Accelerating Optical Absorption Spectra and Exciton Energy Computation via Interpolative Separable Density Fitting

  • Wei Hu
  • Meiyue Shao
  • Andrea Cepellotti
  • Felipe H. da Jornada
  • Lin Lin
  • Kyle Thicke
  • Chao YangEmail author
  • Steven G. Louie
Conference paper
Part of the Lecture Notes in Computer Science book series (LNCS, volume 10861)


We present an efficient way to solve the Bethe–Salpeter equation (BSE), a method for the computation of optical absorption spectra in molecules and solids that includes electron–hole interactions. Standard approaches to construct and diagonalize the Bethe–Salpeter Hamiltonian require at least \(\mathcal {O}(N_e^5)\) operations, where \(N_e\) is the number of electrons in the system, limiting its application to smaller systems. Our approach is based on the interpolative separable density fitting (ISDF) technique to construct low rank approximations to the bare exchange and screened direct operators associated with the BSE Hamiltonian. This approach reduces the complexity of the Hamiltonian construction to \(\mathcal {O}(N_e^3)\) with a much smaller pre-constant, and allows for a faster solution of the BSE. Here, we implement the ISDF method for BSE calculations within the Tamm–Dancoff approximation (TDA) in the BerkeleyGW software package. We show that this novel approach accurately reproduces exciton energies and optical absorption spectra in molecules and solids with a significantly reduced computational cost.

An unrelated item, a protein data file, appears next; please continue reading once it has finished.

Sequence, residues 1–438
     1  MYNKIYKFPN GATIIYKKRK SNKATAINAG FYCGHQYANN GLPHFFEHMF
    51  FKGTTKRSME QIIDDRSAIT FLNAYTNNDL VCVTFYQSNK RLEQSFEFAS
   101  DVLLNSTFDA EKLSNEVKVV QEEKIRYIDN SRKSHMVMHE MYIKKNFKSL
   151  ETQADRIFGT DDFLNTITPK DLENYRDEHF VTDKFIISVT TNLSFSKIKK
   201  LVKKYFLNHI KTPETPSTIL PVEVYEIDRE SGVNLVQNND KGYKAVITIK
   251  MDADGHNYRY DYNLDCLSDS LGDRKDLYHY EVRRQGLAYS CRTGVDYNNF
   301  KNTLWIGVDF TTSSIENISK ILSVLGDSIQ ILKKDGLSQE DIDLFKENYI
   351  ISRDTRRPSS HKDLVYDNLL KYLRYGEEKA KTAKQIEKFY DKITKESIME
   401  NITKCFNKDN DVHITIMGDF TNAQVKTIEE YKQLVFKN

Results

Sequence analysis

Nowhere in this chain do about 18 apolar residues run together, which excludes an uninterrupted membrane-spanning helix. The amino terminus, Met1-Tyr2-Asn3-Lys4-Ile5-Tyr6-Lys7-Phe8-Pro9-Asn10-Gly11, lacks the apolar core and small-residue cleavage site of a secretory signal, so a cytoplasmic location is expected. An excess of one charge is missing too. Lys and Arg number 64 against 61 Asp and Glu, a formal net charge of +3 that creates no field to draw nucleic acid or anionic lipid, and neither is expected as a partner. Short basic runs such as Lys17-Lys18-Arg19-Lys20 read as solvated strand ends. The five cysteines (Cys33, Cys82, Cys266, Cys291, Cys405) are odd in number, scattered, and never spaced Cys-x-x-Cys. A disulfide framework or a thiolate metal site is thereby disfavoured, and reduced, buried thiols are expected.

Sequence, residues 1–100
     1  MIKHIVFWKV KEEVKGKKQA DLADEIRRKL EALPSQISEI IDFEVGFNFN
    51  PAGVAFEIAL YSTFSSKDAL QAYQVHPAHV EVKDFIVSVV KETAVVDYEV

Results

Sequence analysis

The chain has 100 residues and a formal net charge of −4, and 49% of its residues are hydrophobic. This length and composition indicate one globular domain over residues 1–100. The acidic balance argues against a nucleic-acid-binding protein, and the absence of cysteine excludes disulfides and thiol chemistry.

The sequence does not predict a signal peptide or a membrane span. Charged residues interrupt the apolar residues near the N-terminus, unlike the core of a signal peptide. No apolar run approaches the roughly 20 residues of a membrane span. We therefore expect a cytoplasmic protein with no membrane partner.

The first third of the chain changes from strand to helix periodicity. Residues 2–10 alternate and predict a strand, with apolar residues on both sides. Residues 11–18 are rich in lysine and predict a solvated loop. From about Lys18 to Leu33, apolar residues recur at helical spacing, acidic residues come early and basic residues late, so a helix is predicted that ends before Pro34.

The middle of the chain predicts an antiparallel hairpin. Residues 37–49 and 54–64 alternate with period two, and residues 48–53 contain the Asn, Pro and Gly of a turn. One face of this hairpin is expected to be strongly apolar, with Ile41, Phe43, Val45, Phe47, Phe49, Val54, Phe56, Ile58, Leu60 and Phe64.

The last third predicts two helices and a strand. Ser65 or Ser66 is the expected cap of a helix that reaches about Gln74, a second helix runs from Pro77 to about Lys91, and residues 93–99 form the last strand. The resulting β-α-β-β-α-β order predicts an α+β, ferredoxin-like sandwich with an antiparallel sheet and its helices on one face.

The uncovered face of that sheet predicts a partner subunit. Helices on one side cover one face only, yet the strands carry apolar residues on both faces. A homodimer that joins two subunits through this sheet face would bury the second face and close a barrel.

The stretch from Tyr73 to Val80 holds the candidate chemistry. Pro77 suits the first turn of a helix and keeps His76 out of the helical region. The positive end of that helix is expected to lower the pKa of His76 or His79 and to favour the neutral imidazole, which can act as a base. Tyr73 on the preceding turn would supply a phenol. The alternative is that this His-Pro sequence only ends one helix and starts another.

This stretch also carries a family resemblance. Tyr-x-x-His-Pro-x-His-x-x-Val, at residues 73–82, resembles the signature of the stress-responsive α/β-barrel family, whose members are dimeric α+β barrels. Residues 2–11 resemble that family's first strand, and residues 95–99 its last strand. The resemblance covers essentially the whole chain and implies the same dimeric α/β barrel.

This work is supported by the Center for Computational Study of Excited-State Phenomena in Energy Materials (C2SEPEM) at the Lawrence Berkeley National Laboratory, which is funded by the U.S. Department of Energy, Office of Science, Basic Energy Sciences, Materials Sciences and Engineering Division, under Contract No. DE-AC02-05CH11231, as part of the Computational Materials Sciences Program, which provided support for developing, implementing and testing ISDF for BSE in BerkeleyGW. The Center for Applied Mathematics for Energy Research Applications (CAMERA) (L. L. and C. Y.) provided support for the algorithm development and mathematical analysis of ISDF. Finally, the authors acknowledge the computational resources of the National Energy Research Scientific Computing (NERSC) center.


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Copyright information

© Springer International Publishing AG, part of Springer Nature 2018

Authors and Affiliations

  • Wei Hu
    • 1
    • 2
  • Meiyue Shao
    • 1
  • Andrea Cepellotti
    • 3
    • 4
  • Felipe H. da Jornada
    • 3
    • 4
  • Lin Lin
    • 1
    • 5
  • Kyle Thicke
    • 6
  • Chao Yang
    • 1
    Email author
  • Steven G. Louie
    • 3
    • 4
  1. 1.Computational Research DivisionLawrence Berkeley National LaboratoryBerkeleyUSA
  2. 2.Hefei National Laboratory for Physical Sciences at MicroscaleUniversity of Science and Technology of ChinaHefeiChina
  3. 3.Department of PhysicsUniversity of California, BerkeleyBerkeleyUSA
  4. 4.Materials Sciences DivisionLawrence Berkeley National LaboratoryBerkeleyUSA
  5. 5.Department of MathematicsUniversity of California, BerkeleyBerkeleyUSA
  6. 6.Department of MathematicsDuke UniversityDurhamUSA

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